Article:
Semicolon vs. Colon

You talked about separating independent clauses with semicolons, but when would you use a colon to separate independent clauses instead? Are the uses completely different, or does the author get a choice?


That’s an interesting question. When a semicolon joins two independent clauses, it’s basically saying, “Here are two equally important bits of information that are part of the same thought.” It’s being a little coy about the exact relationship between those clauses. Sometimes you can replace it with a comma and a conjunction, but in that case it’s up to the reader to infer what the conjunction would be. Sometimes, as in the final example I gave in my semicolon post—”Happiness isn’t something you experience; it’s something you remember”—there’s no way to replace the semicolon with any linking words while preserving the sense and meaning.

A colon between two independent clauses, on the other hand, can usually be replaced with something like “that is” or “because” with no real harm done. That’s because the colon, when used like this, is meant to explain, restate, or illustrate what came before, which means you usually have the option of turning it into a subordinate clause.

Here’s a couple of examples:

The insurance company declared the car totaled: Repairs would cost more than the car was worth.
The insurance company declared the car totaled, that is, repairs would cost more than the car was worth.

The dodo was utterly alone: It was the last of its kind.
The dodo was utterly alone because it was the last of its kind.

You can’t really use a semicolon in these sentences because you lose what the colon is signaling: that the second phrase is clarifying the first in some way. Two independent clauses linked by a semicolon could be related in a number of ways, but the colon is much more specific and therefore not usually interchangeable.

However! Every so often you might run into a sentence where either could work:

A famished Johnny tucked into the long pork eagerly: He assumed the phrase referred to some new breed of pig.
A famished Johnny tucked into the long pork eagerly; he assumed the phrase referred to some new breed of pig.

I think the colon is the best option here, but if this sentence came across my desk with the semicolon, I’m not sure I’d change it.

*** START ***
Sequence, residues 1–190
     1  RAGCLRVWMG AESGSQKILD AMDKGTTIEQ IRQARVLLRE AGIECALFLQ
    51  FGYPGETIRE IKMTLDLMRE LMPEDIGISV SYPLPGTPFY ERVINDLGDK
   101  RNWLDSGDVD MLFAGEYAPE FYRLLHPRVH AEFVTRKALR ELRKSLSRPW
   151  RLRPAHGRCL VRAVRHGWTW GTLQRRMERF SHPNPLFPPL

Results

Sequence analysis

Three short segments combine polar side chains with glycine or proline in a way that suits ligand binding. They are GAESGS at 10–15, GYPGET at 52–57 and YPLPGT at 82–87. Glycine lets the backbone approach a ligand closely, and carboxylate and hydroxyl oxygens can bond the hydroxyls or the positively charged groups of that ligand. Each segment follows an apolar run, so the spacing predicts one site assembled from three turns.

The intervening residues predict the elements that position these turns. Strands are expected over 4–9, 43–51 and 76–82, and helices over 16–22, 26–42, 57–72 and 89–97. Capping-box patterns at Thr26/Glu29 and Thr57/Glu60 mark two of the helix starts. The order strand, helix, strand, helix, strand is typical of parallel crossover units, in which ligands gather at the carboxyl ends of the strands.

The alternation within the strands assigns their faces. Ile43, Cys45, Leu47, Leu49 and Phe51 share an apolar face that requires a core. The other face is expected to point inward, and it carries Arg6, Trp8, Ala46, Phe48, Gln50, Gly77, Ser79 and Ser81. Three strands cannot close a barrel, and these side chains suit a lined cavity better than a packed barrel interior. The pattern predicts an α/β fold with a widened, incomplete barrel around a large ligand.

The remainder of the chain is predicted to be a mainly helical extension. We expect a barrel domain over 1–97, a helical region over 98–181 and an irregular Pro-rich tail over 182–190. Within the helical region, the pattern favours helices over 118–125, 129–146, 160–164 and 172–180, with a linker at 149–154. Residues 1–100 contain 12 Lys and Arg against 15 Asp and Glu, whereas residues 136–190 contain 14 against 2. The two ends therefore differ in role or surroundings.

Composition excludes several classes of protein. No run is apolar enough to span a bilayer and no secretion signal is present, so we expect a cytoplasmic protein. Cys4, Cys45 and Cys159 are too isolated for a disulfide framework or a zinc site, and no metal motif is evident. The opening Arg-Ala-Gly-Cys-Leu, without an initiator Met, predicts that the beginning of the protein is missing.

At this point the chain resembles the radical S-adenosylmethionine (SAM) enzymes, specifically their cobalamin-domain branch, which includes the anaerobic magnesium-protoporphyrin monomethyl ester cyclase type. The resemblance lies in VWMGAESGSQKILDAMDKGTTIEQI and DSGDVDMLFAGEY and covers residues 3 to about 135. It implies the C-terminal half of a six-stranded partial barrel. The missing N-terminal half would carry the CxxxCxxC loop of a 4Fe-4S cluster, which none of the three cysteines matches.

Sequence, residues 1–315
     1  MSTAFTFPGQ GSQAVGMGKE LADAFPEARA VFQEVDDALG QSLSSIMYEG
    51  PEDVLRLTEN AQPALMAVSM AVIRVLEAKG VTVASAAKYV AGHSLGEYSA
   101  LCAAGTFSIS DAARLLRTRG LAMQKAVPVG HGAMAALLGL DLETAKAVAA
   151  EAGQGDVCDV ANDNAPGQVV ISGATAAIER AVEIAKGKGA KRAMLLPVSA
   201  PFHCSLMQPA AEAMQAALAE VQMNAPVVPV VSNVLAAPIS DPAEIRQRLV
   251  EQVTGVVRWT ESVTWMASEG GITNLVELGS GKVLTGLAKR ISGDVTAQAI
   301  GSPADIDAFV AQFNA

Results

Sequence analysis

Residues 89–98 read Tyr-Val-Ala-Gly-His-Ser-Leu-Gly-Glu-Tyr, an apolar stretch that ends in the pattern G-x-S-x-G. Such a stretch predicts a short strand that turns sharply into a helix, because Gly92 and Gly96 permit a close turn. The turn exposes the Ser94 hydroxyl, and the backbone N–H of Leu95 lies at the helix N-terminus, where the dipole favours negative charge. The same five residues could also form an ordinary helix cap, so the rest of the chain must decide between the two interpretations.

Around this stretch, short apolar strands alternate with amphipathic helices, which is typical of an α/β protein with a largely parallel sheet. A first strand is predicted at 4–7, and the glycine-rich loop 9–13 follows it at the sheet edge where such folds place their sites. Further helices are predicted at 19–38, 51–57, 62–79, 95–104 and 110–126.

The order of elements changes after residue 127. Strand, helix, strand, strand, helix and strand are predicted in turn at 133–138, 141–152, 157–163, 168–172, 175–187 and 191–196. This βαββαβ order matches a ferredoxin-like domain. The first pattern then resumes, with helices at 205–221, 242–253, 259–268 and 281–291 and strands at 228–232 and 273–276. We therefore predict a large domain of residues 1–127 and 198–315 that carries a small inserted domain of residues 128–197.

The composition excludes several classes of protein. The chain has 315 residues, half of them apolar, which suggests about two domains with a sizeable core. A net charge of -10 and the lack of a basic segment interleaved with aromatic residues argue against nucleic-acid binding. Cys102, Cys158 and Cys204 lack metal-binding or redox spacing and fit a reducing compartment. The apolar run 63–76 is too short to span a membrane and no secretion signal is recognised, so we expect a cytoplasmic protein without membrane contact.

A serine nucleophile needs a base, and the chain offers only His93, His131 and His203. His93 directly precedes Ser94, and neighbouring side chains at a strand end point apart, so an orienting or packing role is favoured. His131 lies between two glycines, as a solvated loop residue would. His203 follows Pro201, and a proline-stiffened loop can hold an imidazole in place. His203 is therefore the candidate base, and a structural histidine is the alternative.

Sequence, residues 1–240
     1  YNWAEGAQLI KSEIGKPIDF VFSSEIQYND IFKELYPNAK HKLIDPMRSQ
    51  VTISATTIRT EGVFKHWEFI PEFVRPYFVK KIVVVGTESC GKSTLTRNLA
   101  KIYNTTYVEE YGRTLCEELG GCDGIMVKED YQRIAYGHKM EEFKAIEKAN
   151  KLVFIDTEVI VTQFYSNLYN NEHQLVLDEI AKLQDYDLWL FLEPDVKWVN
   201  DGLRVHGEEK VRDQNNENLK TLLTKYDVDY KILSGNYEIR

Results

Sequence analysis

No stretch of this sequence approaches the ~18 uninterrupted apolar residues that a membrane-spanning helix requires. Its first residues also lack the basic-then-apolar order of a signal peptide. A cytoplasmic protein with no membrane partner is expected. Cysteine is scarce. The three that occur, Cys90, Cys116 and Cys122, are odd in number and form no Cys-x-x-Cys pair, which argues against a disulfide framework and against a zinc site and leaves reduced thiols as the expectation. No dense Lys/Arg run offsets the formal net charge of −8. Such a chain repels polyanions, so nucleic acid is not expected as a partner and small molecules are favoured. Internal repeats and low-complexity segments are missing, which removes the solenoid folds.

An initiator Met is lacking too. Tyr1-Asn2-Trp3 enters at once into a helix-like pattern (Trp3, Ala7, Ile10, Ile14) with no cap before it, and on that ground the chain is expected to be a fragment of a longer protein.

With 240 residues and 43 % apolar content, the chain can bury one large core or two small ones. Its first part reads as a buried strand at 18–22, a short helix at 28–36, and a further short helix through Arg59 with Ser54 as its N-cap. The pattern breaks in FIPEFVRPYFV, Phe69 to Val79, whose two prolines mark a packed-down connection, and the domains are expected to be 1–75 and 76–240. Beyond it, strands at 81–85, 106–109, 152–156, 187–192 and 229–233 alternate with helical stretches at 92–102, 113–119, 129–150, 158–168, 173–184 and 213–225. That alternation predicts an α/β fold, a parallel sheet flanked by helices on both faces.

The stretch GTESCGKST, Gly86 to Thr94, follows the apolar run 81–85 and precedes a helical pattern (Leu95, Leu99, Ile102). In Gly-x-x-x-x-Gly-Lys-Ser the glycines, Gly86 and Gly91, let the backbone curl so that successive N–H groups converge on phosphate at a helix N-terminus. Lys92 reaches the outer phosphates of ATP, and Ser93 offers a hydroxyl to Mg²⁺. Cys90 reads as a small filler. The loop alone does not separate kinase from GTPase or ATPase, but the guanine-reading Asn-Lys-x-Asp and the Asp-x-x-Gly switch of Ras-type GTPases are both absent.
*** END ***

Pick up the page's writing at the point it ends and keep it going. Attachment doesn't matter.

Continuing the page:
If you think either could work but you’re genuinely not sure which is best, you may be able to avoid the question altogether with a handy-dandy em dash.

Bonus advice: If the phrase after the colon could stand as a complete sentence on its own, many American sources recommend capitalizing the first letter after the colon. If the phrase that follows the colon is not an independent clause, however, the first letter should always be lowercase.


10 comments on “Semicolon vs. Colon

  1. Gah, looks like I’ve been using semicolons where I should have used colons!

    In the example you give from the semicolon post could you replace the semicolon with something like “but rather”?

    • You could, grammatically speaking. I don’t recommend it in this particular case because I feel like it just hurts the flow of the sentence without improving anything, but it’s not wrong, and in other sentences a strategy like that would work fine.

  2. I like the advice to avoid both semicolons and colons if you’re unsure and just use a dash instead. I often see sentences where a sentence-final phrase is set off with a semicolon when it really should be a dash or even just a comma.

    • I’ve seen that too. I wonder if part of the confusion comes from people who are taught that punctuation mostly indicates how long a pause to take if you’re reading aloud. In that case, a semicolon might seem like a compromise between a comma and a colon or period, which would explain why it gets used to set off a short phrase at the end of a sentence.

      • Concerning dashes, wouldn’t it be informal to use dashes over periods? Which one do style guides prefer — the dashes or the commas?

        • In the first sentence, I actually intended to write “commas” instead of “periods.” My bad.

        • Nah, dashes aren’t really informal—they show up less often in really formal writing, but they still show up.

          As for style guides, well, they don’t dictate everything. This one is up to writers and editors to decide for themselves.

          • That’s a comforting thought. :D I kinda like them because they seem to add more drama than commas.

  3. I rarely use a colon in this way when I’m writing, but I also rarely change/remove it when I’m editing. It helps sets the author’s tone, I think.

  4. […] equivalent of a typo, nor for the semicolon after “syntax,” though I would use a colon or an em dash—it’s not strictly wrong, so I’ll chalk it up to writer’s choice. […]

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